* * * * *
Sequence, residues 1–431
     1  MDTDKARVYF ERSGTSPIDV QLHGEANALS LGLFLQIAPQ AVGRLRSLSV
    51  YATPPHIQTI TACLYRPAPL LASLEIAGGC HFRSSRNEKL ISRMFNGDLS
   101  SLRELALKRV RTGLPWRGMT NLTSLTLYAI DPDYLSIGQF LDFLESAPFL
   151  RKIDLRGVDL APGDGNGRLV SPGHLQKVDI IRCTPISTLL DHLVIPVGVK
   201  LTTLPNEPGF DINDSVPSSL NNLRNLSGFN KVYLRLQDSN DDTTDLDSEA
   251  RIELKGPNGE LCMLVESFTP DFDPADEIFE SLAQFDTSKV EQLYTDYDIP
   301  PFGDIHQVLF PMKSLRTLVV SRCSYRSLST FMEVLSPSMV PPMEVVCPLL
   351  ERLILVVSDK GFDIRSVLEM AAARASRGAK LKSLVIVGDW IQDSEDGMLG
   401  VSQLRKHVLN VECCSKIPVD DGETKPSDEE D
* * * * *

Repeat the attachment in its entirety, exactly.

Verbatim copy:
Sequence, residues 1–431
     1  MDTDKARVYF ERSGTSPIDV QLHGEANALS LGLFLQIAPQ AVGRLRSLSV
    51  YATPPHIQTI TACLYRPAPL LASLEIAGGC HFRSSRNEKL ISRMFNGDLS
   101  SLRELALKRV RTGLPWRGMT NLTSLTLYAI DPDYLSIGQF LDFLESAPFL
   151  RKIDLRGVDL APGDGNGRLV SPGHLQKVDI IRCTPISTLL DHLVIPVGVK
   201  LTTLPNEPGF DINDSVPSSL NNLRNLSGFN KVYLRLQDSN DDTTDLDSEA
   251  RIELKGPNGE LCMLVESFTP DFDPADEIFE SLAQFDTSKV EQLYTDYDIP
   301  PFGDIHQVLF PMKSLRTLVV SRCSYRSLST FMEVLSPSMV PPMEVVCPLL
   351  ERLILVVSDK GFDIRSVLEM AAARASRGAK LKSLVIVGDW IQDSEDGMLG
   401  VSQLRKHVLN VECCSKIPVD DGETKPSDEE D